One of the most interesting entrepreneurial developments in the past couple of years is Project Better Place, which has one of the most well-articulated corporate visions I’ve ever seen. Their business model: evolve beyond using oil-based transportation fuels by constructing a network of charging stations and battery swap stations for electric vehicles. Their funding model: subscription to the Better Place network:
Innovative business model: For the first time in the electric vehicle business, ownership of the car is separated from the requirement to own a battery. Consumers will buy and own their car and subscribe to energy, including the use of the battery, on a basis of kilometers driven. This model is similar to the way mobile phones are sold, with an initial purchase and a monthly subscription for the mobility service.
This is a very cool concept. The range of existing battery technology is 40-60 miles, so a network like this would extend the travel range of electric vehicles. Better Place is venture-capital funded, not taxpayer-funded (although the governments in Israel and Denmark, the two initial pilot countries, offer tax incentives for electric vehicle purchase). They have partnered with Renault-Nissan to develop a lithium ion battery-powered vehicle that can be mass produced and can do the Better Place battery swaps easily and quickly. Their goal is for these batteries to have a 100-mile range.
One of the economic reasons why I think this model may succeed is that it strikes directly at the largest consumer-facing barriers to electric vehicles — the battery range constraints and the inconvenience and cost of dealing with battery ownership, replacement, and disposal. Better Place takes on those risks and costs by retaining ownership of the batteries; this is a great example of specialization according to comparative advantage, and a transactional/contractual innovation to enable it to come to market. If Better Place can make battery swaps and recharges no less convenient than buying gasoline, I think they have a future. The biggest unknown facing them is the innovations coming down the pipeline in battery technologies; how will it affect their business model if new battery technologies increase the range of batteries? I think if they adopt those innovations as they occur, and tweak their pricing, it shouldn’t destroy their value added; in fact, longer-range batteries may increase their market share, because it would increase the probability that consumers would buy an electric vehicle.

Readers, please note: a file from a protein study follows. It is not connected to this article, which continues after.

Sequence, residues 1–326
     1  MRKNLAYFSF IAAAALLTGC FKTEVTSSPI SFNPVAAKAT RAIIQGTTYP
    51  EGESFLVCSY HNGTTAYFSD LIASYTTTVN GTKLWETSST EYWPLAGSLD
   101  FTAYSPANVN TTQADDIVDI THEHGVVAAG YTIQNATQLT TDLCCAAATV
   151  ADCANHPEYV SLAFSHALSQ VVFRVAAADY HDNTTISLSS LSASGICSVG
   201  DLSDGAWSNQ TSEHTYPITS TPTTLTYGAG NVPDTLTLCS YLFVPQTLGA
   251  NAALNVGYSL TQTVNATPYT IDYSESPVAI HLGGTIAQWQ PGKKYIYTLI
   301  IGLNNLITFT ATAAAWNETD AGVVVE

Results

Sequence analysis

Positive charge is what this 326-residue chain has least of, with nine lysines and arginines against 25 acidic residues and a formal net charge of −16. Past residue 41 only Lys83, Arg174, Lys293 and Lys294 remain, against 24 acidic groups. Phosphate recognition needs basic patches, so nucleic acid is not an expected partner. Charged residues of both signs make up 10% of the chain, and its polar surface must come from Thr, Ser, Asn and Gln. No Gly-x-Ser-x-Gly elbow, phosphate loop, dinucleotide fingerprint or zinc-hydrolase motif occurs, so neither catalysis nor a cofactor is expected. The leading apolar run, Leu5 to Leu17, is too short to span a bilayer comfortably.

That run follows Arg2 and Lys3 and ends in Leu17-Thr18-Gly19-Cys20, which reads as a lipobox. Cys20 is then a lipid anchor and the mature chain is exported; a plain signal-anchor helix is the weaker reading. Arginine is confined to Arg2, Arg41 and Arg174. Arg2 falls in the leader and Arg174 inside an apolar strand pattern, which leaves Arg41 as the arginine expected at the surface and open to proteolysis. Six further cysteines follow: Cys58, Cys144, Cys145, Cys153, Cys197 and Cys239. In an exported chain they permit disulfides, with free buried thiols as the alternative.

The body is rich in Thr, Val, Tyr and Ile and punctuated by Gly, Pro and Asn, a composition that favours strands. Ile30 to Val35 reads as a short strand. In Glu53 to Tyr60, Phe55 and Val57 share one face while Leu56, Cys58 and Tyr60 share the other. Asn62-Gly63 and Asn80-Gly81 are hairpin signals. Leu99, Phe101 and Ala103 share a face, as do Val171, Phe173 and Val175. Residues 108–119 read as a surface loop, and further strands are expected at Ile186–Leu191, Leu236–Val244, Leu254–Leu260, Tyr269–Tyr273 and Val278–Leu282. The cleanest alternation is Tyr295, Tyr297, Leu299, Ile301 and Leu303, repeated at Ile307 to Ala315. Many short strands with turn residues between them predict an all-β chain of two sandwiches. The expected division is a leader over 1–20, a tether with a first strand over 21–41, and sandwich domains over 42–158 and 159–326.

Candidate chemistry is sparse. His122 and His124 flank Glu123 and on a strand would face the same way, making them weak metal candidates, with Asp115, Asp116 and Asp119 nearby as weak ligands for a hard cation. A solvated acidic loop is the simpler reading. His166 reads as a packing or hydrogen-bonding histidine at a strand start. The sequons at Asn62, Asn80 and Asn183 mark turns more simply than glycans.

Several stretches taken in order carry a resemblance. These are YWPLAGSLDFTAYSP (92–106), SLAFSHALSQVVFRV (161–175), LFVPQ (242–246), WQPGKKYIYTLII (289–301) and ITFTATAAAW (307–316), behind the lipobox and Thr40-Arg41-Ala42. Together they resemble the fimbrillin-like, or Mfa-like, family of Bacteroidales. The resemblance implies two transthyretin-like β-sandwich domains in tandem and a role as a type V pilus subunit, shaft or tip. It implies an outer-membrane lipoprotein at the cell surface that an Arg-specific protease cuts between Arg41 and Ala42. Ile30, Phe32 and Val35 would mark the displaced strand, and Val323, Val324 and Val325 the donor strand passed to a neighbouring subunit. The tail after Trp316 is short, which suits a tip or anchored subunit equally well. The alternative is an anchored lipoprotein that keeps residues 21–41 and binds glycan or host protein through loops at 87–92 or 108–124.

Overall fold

On Tuesday Better Place announced that it has entered a development agreement with Hawaii, which is a brilliant place to roll out such a network: it’s an archipelago of relatively small islands that each fit within the 100-mile range, all of its petroleum-based fuels are imported to the state, and it’s got a lot of renewable energy potential from wind, solar, and geothermal.
The density of the charging stations on Oahu is interesting; Oahu is small but is also the most densely populated of the islands. I’m also intrigued by the fact that there are only 4 stations planned for the Big Island, which probably reflects the lower population density.
Another possible revenue stream for Better Place in a place like Hawaii would be a little vertical integration into car rentals. Tourism is Hawaii’s biggest industry, and a large share of the driving that goes on in Hawaii is tourists, some substantial share of whom are likely to be interested in the “eco-tourism” angle to visiting Hawaii. Imagine landing at Kona and spending a few days circumnavigating the Big Island in your spiffy, high-tech electric vehicle, enjoying the lava flows and active volcanoes (which are correlated with the geothermal activity than can fuel electricity generation), the wind farm at the southernmost point in the United States, the gorgeous microclimates that are all within a battery range. Stay at hotels near the charging stations, charge your battery, and take off the next day.
This Ars Technica article provides a good discussion, including some comments on the business model and how low-risk a partnership this is for a state like Hawaii. This New York Times article on the partnership provides some insights into the investment model and why it’s viable:
The plan, the brainchild of the former Silicon Valley software executive Shai Agassi, is an effort to overcome the major hurdles to electric cars — slow battery recharging and limited availability.
Mr. Agassi has raised $200 million in private financing for his idea. In October, he obtained a commitment from the Macquarie Capital Group to raise an additional $1 billion for an Australian project.
On Tuesday, he said that he was optimistic about his project despite the dismal investment and credit markets because his network could provide investors with an annuity. Users of his recharging network would subscribe to the service, paying for access and for the miles they drive.
Given the downturn in the mortgage market, he said that investors are looking for new classes of assets that will provide dependable revenue streams over many years. “I believe the new asset class is batteries,” he said. “When you have a driver in a car using a battery, nobody is going to cut their subscription and stop driving.”
I am quite optimistic about this venture.
When there are such innovative and promising business models in the marketplace, why squander so much taxpayer money on a U.S. auto manufacturer bailout?